Picture of the author
Picture of the author

Tailored Content / Blog Entry

5 Reasons to Consider Group Prenatal Care

pregnant woman support group
Dishing with other moms-to-be, deeper dives into baby-related topics, and more time with a clinician? If those sound appealing, you may want to look into this alternative to traditional pregnancy care.

Having a sole provider to guide you through your pregnancy is fine. But some docs have limited time, and sometimes you just need a stronger support system.

You may not have thought of it, but there is an alternative to one-on-one prenatal care. It’s called group prenatal care. This option can provide many physical and emotional benefits, along with valuable knowledge you may not get from a hurried appointment with a single doctor.  

Imagine your visits for prenatal care with women who have similar due dates, providing a true sense of community, and more time with your provider. Here’s a look at what group prenatal care involves, and some key reasons you might want to give it a try.

What Is Group Prenatal Care?

Group prenatal care provides a one-stop shop for moms-to-be. In addition to getting general prenatal care, you get a built-in support system. Plus, an opportunity to learn about all the aspects of pregnancy, labor, delivery, and infant care. 

Also called centering, group prenatal care works by assembling about eight to 10 women who are all due around the same time. The group meets for a series of 10 visits over the course of six months. These meetings occur every two to four weeks, and last for an hour and a half to two hours. These prenatal care groups start at the beginning of a woman’s second trimester and continue through the end of the pregnancy.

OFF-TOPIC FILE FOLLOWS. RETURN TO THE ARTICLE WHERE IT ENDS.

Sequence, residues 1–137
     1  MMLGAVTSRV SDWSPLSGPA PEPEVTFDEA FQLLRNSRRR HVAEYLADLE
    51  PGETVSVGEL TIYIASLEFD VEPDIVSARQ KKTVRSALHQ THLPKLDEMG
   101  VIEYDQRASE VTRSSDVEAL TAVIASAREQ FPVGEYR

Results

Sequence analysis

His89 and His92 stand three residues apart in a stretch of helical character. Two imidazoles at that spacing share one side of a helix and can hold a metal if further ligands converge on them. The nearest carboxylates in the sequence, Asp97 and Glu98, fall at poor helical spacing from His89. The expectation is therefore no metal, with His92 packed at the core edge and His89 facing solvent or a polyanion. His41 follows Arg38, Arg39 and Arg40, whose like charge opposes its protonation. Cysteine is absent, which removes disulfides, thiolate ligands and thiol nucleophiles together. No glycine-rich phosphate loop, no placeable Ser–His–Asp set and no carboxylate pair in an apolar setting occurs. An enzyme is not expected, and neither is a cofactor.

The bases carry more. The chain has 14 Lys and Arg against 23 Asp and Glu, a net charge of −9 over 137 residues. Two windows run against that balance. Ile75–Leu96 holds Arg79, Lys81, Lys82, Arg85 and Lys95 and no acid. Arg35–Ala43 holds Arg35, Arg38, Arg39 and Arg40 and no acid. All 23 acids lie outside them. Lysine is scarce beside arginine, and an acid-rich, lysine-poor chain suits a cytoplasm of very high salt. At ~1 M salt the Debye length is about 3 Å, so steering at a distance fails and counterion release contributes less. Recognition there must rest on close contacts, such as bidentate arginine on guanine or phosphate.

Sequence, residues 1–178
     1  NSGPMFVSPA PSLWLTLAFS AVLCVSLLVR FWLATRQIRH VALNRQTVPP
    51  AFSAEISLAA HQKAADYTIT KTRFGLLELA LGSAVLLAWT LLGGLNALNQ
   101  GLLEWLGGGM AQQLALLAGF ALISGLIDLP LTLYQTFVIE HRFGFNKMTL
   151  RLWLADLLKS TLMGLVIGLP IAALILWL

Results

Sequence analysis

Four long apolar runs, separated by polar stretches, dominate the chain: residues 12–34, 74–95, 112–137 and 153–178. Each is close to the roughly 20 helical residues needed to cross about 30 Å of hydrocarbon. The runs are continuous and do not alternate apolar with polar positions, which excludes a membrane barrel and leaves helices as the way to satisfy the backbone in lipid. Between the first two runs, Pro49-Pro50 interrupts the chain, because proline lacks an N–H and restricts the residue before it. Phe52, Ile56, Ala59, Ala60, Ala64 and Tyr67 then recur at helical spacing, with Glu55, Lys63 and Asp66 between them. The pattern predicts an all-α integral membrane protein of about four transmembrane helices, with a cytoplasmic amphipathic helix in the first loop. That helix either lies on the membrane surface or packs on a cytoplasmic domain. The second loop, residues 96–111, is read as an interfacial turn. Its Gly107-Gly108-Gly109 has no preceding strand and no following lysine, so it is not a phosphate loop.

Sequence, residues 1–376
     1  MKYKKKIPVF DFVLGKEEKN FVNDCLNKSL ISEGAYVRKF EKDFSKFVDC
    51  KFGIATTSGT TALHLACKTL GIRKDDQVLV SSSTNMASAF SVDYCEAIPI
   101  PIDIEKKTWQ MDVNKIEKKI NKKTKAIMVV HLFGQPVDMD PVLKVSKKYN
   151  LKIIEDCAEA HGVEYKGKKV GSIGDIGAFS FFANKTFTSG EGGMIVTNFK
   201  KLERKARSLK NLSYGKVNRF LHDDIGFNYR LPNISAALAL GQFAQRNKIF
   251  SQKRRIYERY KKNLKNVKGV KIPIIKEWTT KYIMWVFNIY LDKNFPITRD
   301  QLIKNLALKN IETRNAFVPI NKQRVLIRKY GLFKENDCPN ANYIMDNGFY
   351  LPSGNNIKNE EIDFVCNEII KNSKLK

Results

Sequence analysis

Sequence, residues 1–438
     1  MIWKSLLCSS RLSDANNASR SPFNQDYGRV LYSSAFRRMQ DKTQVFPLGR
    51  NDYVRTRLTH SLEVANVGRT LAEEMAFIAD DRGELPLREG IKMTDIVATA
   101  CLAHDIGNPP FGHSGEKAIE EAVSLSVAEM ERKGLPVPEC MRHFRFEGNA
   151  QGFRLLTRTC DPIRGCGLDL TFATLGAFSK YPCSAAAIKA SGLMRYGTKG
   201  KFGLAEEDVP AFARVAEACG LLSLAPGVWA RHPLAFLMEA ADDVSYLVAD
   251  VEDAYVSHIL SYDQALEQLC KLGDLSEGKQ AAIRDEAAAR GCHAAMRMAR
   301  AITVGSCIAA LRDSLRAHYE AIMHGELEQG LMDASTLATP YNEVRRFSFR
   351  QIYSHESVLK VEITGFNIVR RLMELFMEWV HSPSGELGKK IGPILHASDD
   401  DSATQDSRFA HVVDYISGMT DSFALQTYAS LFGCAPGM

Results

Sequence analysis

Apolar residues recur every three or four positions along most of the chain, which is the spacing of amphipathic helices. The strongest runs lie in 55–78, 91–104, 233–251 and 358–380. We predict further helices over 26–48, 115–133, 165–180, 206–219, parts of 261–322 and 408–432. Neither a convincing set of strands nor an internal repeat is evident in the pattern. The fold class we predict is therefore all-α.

Each session includes an individual exam and health assessment with an ob/gyn or other obstetric care provider, such as a nurse practitioner or certified nurse-midwife. This part of the session keeps you up to date with routine visits and gives you private time to ask your clinician questions. 

Afterwards, there’s some social time with the other expectant moms, and a facilitated discussion around a specific topic. Topics may include nutrition, stress management, childbirth preparation, and breastfeeding. You can ask questions of the health professional and discuss the subject openly with the other group members. 

Why Group Prenatal Care May Be the Best Option

The prenatal period is a challenging time for anyone. So much change! So many things to learn! For some women, scheduling individual appointments, not having enough time with a doctor, or feeling socially isolated can add loneliness and more stress to the mix.

That’s where the “it takes a village” approach comes in. Group prenatal care can help you not just physically, but also emotionally. Check out five ways that this type of program may make your pregnancy a whole lot easier.

1. It offers you social support 

Feeling like you’re the only one going through something strange or scary really kind of sucks. Group prenatal care allows you to connect with others experiencing the same stuff. Being in it together can make the experience feel less lonely. And sharing tips, experiences, and information make group members great resources. Plus, you’ll likely create bonds that could lead to life-long friendships.

This can be particularly important if you don’t have a partner or involved family or friend group to rely on. Studies have shown having social support during pregnancy provides a sense of stability and belonging. And these lead to increased self-esteem and a reduction in depression and anxiety. All in all, you boost your ability to better cope with stressful events.

2. It provides knowledge about pregnancy, delivery, and childcare

With each group prenatal care session focusing on a single subject, there’s more of an opportunity to do a deep dive on important topics. Group prenatal care teaches mothers a multitude of things, including how to take their own vitals (such as heart rate and blood pressure) and pregnancy-complication warning signs to look out for.